• Making sure the organization survives. This would include steps you would take to ensure the company can continue as a going concern after a significant disruption.
• Keeping stakeholders (employees, vendors, clients, the public and government) informed on developments.

Create a succession plan – You should clearly outline the necessary steps to follow if you or one of your key managers suddenly became unable to perform their duties. This plan may include selling the company, or transferring ownership to family members or key employees.
Seek advice from the experts – This includes your leadership team, employees, customers, communications experts, investment bankers, exit planners, lawyers and financial managers. Each of these individuals has unique insights that can be invaluable for how to tackle a crisis.
Name a spokesperson – This is important if you have a crisis that spreads beyond your organization and affects the health and safety of a member of the general public, your staff or customers. Funneling all media communications through a spokesperson can help you deliver a clear and consistent message to media, as well as to the public at large.
Honesty is the best policy – A lack of honesty and transparency can lead to rumors, as well as a general distrust of your organization if the truth is exposed. The best approach is to be transparent and truthful about what happened and what you are doing to resolve the crisis.
Keep your staff up to speed – To stop the rumor mill and also keep employees from becoming worried amidst the uncertainty, keep your workers abreast of developments – and what the crisis means for the organization, and what you are doing about it.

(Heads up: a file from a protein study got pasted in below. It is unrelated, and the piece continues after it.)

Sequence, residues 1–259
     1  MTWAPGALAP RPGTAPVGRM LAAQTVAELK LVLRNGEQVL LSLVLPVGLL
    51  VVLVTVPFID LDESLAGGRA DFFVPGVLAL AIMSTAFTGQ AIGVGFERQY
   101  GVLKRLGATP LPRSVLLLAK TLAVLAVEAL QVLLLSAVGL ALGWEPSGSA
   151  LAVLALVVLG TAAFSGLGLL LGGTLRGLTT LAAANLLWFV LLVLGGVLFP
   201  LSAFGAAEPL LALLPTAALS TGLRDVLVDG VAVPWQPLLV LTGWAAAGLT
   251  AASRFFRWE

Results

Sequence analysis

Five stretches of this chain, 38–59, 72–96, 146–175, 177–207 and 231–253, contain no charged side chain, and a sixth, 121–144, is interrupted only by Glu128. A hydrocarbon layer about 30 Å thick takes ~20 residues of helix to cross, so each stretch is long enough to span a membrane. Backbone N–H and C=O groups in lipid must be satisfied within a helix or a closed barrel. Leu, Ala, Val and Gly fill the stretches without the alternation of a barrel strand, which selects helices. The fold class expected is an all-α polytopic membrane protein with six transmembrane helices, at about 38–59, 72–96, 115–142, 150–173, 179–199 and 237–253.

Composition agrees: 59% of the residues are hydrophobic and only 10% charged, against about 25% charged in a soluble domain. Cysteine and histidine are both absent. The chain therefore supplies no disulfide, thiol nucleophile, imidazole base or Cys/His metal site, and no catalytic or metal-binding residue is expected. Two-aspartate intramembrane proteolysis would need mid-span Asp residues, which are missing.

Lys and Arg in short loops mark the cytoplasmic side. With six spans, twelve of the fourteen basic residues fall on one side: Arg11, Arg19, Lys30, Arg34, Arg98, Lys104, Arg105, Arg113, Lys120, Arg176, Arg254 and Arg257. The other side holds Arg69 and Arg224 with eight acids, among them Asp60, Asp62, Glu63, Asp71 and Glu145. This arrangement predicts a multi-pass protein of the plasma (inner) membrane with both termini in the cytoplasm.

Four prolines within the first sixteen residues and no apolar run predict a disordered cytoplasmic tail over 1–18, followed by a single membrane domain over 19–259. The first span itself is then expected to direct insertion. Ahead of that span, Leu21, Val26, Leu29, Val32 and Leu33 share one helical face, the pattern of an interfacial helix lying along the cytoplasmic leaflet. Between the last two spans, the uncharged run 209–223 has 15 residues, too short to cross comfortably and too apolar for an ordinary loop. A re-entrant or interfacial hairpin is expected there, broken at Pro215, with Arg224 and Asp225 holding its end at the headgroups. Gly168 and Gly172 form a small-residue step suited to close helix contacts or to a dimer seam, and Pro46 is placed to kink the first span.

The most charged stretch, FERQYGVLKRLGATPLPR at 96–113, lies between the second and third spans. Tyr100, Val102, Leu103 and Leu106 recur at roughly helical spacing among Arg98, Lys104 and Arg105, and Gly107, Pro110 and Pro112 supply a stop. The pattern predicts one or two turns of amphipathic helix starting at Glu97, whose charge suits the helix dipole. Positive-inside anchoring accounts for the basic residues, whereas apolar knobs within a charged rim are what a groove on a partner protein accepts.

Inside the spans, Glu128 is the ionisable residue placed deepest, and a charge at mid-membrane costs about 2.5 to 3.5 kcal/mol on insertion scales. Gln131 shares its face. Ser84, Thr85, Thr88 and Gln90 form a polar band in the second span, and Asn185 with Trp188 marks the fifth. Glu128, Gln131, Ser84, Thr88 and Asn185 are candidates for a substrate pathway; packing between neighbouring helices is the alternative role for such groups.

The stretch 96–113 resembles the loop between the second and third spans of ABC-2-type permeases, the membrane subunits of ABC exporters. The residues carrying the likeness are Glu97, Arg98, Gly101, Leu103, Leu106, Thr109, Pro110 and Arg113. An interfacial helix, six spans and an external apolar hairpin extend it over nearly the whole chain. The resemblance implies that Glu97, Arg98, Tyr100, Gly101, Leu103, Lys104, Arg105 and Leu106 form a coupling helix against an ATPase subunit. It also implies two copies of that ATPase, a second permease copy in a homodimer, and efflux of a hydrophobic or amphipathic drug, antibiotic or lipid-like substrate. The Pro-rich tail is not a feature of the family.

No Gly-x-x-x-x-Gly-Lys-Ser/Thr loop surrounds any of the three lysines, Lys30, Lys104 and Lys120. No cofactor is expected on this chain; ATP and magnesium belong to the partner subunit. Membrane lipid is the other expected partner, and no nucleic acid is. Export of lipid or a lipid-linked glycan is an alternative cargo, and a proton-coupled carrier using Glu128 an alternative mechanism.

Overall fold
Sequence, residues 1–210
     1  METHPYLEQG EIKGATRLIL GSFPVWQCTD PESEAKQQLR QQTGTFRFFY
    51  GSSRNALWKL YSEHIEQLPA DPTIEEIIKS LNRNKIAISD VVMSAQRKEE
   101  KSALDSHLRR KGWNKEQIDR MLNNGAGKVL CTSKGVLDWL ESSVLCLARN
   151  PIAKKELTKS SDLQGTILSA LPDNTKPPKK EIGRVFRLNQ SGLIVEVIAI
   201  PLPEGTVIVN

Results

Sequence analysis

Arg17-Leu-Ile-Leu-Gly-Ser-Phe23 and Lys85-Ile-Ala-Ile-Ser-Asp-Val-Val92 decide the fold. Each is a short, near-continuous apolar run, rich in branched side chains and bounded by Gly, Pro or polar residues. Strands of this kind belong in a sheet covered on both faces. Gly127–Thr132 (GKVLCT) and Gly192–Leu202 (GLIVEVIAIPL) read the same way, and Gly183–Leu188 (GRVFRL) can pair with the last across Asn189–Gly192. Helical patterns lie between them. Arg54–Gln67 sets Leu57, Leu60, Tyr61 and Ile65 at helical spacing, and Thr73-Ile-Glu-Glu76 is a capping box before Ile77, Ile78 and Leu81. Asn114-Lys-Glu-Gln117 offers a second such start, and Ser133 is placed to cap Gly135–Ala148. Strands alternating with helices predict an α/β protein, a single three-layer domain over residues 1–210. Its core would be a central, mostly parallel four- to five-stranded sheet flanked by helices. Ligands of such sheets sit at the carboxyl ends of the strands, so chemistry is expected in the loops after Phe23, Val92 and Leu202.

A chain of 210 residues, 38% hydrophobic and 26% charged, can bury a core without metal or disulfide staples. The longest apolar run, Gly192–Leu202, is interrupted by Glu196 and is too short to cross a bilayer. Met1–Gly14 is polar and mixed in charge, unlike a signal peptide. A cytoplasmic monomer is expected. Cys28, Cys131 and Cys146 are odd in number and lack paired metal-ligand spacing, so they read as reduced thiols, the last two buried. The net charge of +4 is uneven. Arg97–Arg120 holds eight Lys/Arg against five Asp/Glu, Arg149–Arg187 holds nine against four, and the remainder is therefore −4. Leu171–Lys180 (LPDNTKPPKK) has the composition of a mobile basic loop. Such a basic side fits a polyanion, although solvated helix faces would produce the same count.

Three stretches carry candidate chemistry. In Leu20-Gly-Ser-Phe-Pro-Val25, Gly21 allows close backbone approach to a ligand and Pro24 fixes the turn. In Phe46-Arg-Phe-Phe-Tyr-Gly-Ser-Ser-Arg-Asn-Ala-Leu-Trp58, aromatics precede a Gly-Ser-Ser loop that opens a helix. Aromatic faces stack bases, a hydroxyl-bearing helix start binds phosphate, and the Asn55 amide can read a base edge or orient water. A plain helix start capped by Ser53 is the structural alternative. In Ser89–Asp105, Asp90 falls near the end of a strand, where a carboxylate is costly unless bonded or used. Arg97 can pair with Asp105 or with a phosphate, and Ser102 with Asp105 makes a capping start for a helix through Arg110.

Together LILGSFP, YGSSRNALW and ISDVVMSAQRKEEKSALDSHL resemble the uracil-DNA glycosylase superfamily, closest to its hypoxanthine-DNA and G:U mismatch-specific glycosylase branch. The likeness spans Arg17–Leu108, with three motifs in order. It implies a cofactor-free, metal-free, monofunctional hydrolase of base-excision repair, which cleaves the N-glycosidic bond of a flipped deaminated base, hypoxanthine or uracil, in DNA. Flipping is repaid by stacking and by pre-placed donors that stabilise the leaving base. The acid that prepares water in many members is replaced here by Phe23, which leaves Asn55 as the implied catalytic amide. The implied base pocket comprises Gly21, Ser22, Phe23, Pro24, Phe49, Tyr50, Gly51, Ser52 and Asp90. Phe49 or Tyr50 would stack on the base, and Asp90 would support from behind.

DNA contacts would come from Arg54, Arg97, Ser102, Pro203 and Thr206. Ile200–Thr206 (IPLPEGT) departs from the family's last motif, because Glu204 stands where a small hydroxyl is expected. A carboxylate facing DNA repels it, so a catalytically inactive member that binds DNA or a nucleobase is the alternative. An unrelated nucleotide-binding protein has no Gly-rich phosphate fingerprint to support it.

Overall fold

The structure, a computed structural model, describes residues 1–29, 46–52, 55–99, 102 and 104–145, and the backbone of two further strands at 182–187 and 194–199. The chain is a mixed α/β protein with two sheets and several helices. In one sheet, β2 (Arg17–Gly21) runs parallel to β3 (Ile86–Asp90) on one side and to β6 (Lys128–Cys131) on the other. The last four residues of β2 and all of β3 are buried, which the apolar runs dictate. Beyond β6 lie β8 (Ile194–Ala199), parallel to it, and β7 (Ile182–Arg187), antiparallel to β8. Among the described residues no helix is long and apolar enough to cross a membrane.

Keep customers and suppliers informed – If you have an event that’s causing some disruptions, you also owe it to your clients and vendors to let them know what’s happening. Like your employees, keep them regularly updated on events and the steps you are taking to address the crisis. Put together a plan for how you would keep them posted.
Act fast and update regularly – Keeping the communications alive is important and once you grasp the situation and its effects, you can issue summary statements of the crisis and what’s happened. Then you can follow up with regular updates on your action plans, on people affected, any hotline you may set up, and more.
These days news travels fast and like wildfire on social media. You need to move at the same pace.
Social media is vital – More and more people get their news from social media and the discussions that ensue on posts, so you need to make sure that your company stays on top of the flow. You may want to assign a person or two to monitor social media and post and react to posts on social media. That way, your team can tell the company’s side of the story and put to rest unfounded rumors.
Make a plan for what a social media contact’s responsibilities would be during a crisis.

Get an early start

Your plan won’t be effective if you create it during a crisis. Plan in advance, so everyone can approach the strategizing unrushed and with a clear head.